Use cases for Samsung’s Z-NAND NVMe-based PCIe SSDs include cache memory, database servers, real-time analytics, artificial intelligence and IoT applications that require high throughput and low latency.
“I don’t expect to see millions of customers out there buying this. It’s still going to be a niche type of solution,” Leonarz said.
Samsung claimed its SZ985 NVMe-based PCIe add-in card could reduce latency by 5.5 times over top NVMe-based PCIe SSDs. Product data sheets list the SZ985’s maximum performance at 750,000 IOPS for random reads and 170,000 IOPS for random writes, and data transfer rates of 3.2 gigabytes per second (GBps) for sequential reads and 3 GBps for sequential writes.
The new Z-NAND based 983 ZET NVMe-based PCIe add-in card is also capable of 750,000 IOPS for random reads, but the random write performance is lower at 75,000 IOPS. The data transfer rate for the 983 ZET is 3.4 GBps for sequential reads and 3 GBps for sequential writes. The 983 ZET’s latency for sequential reads and writes is 15 microseconds, according to Samsung.
Both the SZ985 and new 983 ZET are half-height, half-length PCIe Gen 3 add-in cards. Capacity options for the 983 ZET will be 960 GB and 480 GB when the SSD ships later this month. SZ985 SSDs are currently available at 800 GB and 240 GB, although a recent product data sheet indicates 1.6 TB and 3.2 TB options will be available at an undetermined future date.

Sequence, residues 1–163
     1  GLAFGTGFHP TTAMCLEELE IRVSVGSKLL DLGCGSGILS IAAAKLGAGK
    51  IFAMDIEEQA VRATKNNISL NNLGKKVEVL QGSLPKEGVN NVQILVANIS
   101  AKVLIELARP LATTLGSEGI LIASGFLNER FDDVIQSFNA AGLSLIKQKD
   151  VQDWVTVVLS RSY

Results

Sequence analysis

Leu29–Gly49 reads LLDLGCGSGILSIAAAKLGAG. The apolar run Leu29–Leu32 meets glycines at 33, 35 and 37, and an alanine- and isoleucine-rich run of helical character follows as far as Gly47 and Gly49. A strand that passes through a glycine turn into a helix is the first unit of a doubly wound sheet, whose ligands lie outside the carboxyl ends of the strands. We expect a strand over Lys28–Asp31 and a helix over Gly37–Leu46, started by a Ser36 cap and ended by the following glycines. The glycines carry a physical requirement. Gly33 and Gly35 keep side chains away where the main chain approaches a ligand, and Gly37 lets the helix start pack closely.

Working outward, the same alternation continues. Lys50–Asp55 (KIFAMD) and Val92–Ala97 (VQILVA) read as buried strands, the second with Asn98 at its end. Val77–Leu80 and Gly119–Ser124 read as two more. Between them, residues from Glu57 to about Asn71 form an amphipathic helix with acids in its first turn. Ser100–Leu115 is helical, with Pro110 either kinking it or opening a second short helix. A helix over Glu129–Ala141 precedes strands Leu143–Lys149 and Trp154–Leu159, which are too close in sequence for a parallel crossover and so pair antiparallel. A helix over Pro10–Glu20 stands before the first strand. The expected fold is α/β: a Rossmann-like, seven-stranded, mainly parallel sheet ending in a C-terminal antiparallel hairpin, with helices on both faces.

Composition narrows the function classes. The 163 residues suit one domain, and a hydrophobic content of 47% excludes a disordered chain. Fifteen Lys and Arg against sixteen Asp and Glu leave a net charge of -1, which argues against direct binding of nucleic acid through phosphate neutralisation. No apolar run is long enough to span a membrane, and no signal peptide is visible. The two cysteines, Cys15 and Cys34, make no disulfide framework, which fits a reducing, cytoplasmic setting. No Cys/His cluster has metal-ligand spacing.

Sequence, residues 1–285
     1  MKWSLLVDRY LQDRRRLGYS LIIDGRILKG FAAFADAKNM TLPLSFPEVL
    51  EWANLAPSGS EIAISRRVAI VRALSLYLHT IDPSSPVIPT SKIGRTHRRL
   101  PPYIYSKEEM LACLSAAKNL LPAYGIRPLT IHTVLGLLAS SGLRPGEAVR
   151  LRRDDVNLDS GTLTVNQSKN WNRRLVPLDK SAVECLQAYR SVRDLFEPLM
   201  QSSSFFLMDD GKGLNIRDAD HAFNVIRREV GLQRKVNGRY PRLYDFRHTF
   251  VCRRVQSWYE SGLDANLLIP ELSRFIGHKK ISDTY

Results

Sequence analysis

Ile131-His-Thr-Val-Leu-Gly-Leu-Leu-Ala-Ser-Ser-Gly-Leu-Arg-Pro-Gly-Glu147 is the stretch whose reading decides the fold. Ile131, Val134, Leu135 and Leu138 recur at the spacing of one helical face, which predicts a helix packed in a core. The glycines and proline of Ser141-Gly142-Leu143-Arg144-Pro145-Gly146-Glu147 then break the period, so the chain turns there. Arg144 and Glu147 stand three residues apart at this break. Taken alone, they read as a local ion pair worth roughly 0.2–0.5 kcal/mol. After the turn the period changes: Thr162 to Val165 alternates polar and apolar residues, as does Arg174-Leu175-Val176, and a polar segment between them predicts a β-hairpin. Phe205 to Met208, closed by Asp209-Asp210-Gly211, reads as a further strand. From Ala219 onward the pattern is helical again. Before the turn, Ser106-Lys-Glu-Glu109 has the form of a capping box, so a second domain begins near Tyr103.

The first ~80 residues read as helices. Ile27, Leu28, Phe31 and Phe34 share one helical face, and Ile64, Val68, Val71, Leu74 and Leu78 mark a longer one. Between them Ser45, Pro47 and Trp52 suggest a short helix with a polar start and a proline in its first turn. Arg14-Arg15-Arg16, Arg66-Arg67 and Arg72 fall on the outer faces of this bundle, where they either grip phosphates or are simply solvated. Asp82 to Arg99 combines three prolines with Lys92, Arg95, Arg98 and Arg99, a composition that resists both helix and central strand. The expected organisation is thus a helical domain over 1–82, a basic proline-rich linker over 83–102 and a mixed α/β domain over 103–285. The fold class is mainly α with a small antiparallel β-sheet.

Samsung’s SZ985 and 983 ZET SSDs offer significantly different endurance levels over the five-year warranty period. The SZ985 is rated at 30 drive writes per day (DWPD), whereas the new 983 ZET supports 10 DWPD with the 960 GB SSD and 8.5 DWPD with the 480 GB SSD.
Samsung data center SSD endurance
The rest of the new Samsung data center SSD lineup is rated at less than 1 DWPD. The entry-level SATA 860 DCT SATA SSD supports 0.20 DWPD for five years or 0.34 DWPD for three years. The 883 DCT SATA SSD and 983 DCT NVMe-based PCIe SSD are officially rated at 0.78 DWPD for five years, with a three-year option of 1.30 DWPD.
Samsung initially targeted content delivery networks with its 860 DCT SATA SSD, which is designed for read-intensive workloads. Sequential read/write performance is 550 megabytes per second (MBps) and 520 MBps, and random read/write performance is 98,000 IOPS and 19,000 IOPS, respectively, according to Samsung. Capacity options range from 960 GB to 3.84 TB.